When Should I Be Worried About Lower Back Pain
When Should I Be Worried About Lower Back Pain? In many cases, back pain can be as common as a mild headache, sneezing here and there, or tired eyes. Nonspecific low back pain is a common disease. One study reports that the lifetime prevalence of chronic low back pain is as high as 84%, making the likelihood that someone will experience discomfort at one time or another is very high.
When Should I Be Worried About Lower Back Pain?
Then there are those other times when back pain just doesn’t feel right and your gut tells you that something else is going on. Many people are known to go to the emergency room when they experience low back pain — in 2012, a study found that low back pain made up 3.15% of all emergency visits in the United States. When you consider how many conditions can bring someone to the ER, that number is pretty significant.
Let’s say you experience a significant amount of back pain and wonder, “How do I know if my back pain is severe?” This guide will help you decide whether you need a visit to your doctor or the emergency room.
Signs of something serious
So could back or neck pain be a sign of something serious? An expert helps us navigate the waters.
“While back pain is very common and generally benign and self-limiting, there are some signs and symptoms that may indicate a more serious medical condition that requires additional evaluation and treatment,” says Mark Drymalski, MD, medical director, University of Missouri Health. Center comprehensive spine of care.
According to Dr. Drymalski can be these red flags:
- Persistent fever
- Unplanned weight loss
- Blood in stool or urine
- Progressive numbness or weakness in the legs
- Inability to urinate or evacuate
- Loss of bowel/bladder control
- Pain at night
- Sexual dysfunction
- Balance problems
- Pain is not relieved or aggravated by different postures
- Recent use of iv drugs
- Progressive worsening of pain despite relative rest
- Recent Trauma
Some symptoms may come on suddenly, while others may increase gradually. Several conditions can cause these so-called red flags.
Possible Conditions That Cause Severe Back Pain
Dr. Drymalski also describes several conditions that can cause severe back pain, many of which focus on bones or discs. But you may also be wondering, “How do I know if my back pain is kidney-related? Problems with what other organs can cause low back pain?”
He shares a broad list of possible conditions that can cause extreme back pain:
- Equine tail syndrome
- Disk or bone infections
- Kidney infections or kidney stones
- Spinal instability
- Spinal stenosis
- Multiple sclerosis
- Transverse myelitis
- Gastrointestinal ulcers
- Thoracic or abdominal aortic aneurysms
Detect Signals – When Should I Be Worried About Lower Back Pain
While this list of possible conditions may seem daunting, the most important thing to focus on is your symptoms and how you’re feeling. Also, be aware of any symptoms you experience in addition to back pain.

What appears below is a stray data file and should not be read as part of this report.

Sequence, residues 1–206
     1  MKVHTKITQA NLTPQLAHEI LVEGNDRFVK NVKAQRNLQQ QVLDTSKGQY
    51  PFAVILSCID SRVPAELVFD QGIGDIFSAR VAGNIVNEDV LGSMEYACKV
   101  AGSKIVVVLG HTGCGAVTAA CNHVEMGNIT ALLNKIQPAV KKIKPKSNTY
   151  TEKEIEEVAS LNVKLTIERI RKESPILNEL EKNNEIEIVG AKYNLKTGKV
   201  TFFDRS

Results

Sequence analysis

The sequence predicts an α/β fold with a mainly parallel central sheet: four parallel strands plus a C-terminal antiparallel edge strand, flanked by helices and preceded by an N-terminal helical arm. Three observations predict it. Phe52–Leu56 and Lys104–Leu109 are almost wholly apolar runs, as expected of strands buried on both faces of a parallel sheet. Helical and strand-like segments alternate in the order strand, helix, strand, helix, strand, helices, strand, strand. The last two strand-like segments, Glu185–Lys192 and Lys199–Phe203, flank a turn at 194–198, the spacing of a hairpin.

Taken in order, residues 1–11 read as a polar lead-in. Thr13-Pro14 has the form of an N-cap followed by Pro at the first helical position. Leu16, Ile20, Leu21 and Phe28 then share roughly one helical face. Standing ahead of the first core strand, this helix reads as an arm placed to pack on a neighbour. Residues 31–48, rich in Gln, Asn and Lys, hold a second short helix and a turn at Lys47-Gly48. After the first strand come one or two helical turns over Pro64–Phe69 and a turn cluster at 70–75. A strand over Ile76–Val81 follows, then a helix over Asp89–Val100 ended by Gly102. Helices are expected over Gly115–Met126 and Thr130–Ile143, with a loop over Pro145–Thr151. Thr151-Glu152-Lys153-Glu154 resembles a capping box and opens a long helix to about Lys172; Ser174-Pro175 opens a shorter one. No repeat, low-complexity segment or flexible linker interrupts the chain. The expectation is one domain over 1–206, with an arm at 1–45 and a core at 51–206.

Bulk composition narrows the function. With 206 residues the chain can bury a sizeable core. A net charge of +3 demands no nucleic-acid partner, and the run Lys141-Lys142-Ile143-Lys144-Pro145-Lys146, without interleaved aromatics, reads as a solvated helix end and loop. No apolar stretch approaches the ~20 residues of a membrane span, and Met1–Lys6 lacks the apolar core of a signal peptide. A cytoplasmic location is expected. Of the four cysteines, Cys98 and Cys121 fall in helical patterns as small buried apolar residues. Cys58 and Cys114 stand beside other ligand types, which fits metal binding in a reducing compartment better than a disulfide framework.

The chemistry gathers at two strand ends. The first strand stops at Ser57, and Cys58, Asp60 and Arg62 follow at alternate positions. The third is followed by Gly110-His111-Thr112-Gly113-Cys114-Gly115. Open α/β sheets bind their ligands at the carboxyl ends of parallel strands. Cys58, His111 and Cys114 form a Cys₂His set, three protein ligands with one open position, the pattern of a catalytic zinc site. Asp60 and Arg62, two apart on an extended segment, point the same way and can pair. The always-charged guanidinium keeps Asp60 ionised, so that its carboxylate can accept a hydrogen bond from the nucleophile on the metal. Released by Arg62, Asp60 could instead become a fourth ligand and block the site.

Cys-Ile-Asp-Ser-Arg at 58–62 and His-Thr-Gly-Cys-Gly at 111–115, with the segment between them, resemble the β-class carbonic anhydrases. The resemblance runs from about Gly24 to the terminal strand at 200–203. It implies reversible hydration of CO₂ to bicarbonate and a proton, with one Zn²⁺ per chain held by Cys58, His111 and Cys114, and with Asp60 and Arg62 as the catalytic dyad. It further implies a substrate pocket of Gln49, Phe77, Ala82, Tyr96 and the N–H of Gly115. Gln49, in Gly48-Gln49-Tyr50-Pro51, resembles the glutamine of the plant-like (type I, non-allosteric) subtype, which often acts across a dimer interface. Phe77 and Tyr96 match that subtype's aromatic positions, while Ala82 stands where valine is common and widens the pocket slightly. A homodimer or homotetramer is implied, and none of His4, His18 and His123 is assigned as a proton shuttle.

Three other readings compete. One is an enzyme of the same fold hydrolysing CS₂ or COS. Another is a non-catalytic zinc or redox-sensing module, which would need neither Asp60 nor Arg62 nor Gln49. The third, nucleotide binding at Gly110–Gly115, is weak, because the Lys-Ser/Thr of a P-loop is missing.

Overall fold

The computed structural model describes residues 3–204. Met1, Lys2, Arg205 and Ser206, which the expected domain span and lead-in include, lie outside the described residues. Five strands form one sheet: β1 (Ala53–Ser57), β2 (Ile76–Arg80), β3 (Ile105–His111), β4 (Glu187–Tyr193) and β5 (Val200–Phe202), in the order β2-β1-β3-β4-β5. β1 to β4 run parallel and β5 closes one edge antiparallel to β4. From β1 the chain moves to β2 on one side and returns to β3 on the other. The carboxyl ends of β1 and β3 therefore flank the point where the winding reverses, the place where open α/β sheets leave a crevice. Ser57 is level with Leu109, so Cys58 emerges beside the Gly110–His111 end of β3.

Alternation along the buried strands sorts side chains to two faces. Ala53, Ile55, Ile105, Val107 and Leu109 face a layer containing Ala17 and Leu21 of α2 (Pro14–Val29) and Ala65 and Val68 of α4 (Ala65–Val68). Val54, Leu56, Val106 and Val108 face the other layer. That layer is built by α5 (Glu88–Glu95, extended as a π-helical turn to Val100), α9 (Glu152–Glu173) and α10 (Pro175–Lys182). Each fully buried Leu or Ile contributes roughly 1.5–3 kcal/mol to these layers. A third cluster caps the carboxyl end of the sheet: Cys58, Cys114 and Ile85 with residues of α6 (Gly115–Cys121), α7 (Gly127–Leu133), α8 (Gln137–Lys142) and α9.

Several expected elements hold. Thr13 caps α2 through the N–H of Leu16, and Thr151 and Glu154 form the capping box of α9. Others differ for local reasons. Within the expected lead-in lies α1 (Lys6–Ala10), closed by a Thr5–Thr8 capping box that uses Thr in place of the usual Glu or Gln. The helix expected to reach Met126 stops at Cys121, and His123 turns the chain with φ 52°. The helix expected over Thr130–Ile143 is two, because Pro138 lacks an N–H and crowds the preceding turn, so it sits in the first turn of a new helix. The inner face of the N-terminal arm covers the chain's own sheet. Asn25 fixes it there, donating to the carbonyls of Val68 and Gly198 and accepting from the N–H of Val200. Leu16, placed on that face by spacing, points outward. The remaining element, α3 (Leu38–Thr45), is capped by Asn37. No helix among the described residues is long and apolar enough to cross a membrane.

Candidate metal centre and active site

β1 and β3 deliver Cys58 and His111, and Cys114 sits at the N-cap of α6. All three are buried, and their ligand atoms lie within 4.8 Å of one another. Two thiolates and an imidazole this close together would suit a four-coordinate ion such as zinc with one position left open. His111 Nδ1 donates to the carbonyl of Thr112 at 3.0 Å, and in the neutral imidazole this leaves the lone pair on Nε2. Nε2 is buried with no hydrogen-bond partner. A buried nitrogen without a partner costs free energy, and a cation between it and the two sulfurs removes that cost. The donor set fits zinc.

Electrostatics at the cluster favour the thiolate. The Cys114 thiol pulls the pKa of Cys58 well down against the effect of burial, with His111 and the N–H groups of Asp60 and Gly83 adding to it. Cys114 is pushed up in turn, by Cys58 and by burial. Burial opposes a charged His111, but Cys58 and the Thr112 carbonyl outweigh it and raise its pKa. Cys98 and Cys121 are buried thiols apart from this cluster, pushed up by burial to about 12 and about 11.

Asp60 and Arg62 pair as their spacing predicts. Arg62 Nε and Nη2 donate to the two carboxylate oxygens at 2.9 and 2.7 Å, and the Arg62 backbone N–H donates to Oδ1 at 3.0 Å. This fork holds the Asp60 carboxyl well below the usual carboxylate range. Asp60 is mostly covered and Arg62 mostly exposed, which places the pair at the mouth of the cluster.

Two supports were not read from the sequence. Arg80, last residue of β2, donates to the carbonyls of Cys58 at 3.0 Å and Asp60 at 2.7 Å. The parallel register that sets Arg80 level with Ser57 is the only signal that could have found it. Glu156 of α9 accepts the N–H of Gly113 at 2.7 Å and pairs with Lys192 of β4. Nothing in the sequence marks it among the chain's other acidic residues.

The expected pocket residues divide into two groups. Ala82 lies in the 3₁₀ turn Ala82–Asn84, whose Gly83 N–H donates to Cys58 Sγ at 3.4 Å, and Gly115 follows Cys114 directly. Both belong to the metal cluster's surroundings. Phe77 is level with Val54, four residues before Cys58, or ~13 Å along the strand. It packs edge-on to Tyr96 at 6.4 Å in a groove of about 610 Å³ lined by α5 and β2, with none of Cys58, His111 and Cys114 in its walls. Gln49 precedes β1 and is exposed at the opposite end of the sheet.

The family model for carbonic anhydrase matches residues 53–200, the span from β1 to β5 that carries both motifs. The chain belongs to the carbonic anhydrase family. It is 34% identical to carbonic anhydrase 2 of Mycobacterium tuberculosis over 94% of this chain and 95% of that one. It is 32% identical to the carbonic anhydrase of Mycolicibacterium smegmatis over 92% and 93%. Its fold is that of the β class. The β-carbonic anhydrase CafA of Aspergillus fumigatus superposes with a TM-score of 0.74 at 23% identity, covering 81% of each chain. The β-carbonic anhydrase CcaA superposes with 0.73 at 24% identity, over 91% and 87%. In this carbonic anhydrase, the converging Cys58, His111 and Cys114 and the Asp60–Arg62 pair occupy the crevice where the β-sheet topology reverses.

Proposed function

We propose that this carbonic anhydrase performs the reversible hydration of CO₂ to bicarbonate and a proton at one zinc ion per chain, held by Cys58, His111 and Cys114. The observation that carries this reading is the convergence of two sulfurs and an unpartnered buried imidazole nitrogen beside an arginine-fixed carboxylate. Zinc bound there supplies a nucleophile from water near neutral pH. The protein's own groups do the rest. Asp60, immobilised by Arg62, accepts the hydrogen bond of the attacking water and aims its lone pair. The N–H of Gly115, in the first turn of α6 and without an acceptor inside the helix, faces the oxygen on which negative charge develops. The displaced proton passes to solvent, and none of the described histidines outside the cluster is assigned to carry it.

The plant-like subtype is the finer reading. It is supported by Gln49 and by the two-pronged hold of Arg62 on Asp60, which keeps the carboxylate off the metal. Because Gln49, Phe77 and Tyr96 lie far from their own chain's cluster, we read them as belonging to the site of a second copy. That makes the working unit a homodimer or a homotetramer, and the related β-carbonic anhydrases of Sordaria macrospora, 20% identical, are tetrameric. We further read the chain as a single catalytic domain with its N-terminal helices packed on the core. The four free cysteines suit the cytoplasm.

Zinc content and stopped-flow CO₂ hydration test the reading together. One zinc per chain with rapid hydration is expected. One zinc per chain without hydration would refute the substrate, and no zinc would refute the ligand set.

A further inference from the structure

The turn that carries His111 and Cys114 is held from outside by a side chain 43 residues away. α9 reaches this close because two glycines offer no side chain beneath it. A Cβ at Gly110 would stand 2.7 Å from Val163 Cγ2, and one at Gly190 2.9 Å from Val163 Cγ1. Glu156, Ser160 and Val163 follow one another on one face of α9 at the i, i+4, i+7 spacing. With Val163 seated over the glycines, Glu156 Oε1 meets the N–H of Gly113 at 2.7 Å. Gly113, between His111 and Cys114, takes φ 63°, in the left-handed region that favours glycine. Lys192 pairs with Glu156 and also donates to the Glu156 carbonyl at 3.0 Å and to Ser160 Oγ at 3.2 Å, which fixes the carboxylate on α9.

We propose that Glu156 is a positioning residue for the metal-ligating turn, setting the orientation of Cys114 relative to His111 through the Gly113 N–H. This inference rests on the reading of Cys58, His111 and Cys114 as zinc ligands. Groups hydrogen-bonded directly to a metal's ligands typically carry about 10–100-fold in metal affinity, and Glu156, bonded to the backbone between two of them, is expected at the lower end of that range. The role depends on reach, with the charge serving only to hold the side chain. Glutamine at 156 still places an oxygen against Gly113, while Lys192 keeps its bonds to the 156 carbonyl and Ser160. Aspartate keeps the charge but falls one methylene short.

Severe Back Pain
Pay attention to severe back pain and other symptoms associated with it.
“Look for symptoms other than back pain, especially bowel/bladder and leg function,” says Dr. Drymalski.
He adds that if you have any of the above red flag symptoms if your pain persists and appears unrelated to exercise, or if you have a history of cancer, recent intravenous drug use, or vascular disease, you may be at risk for serious back pain.
Diagnosis and Treatment
Fortunately, you don’t have to navigate these signs and symptoms alone. This is where a doctor’s experience comes in.
Dr. Drymalski explains, “If warning symptoms are present, urgent or emergent imaging, blood work, and evaluation may be needed, which can be accessed through a local emergency department.”
When it comes to seeking a diagnosis from a doctor, it is best to go as soon as you think something is wrong, as early and thorough treatment can help you avoid more serious symptoms and conditions.
Early identification and treatment of many of the serious diseases of the spine, such as meningitis, discitis, and the cauda equina syndrome of a herniated disc or mass, is essential to prevent death or prolonged hospitalization or permanent neurological damage, such as permanent leg weakness in some cases. or bowel/bladder dysfunction in others,” says Dr. Drymalski.
Get Help For Your Back Pain
While all of this may sound terrible, you can take comfort in knowing that more than 90 percent of ER presentations of low back pain are benign, according to the findings. Most importantly, stay as calm as possible while assessing your pain and symptoms and rely on medical experts to help you figure out why you feel the way you do. Dr. Drymalski emphasizes: “Remember that back pain is very common and most of the time it resolves on its own and is benign. If you are concerned or have warning symptoms, an emergency assessment may be needed. It is important to always tell your doctor all your symptoms, even if you don’t know if they are related to your back pain so that your doctor can develop the most appropriate assessment and treatment plan for you.”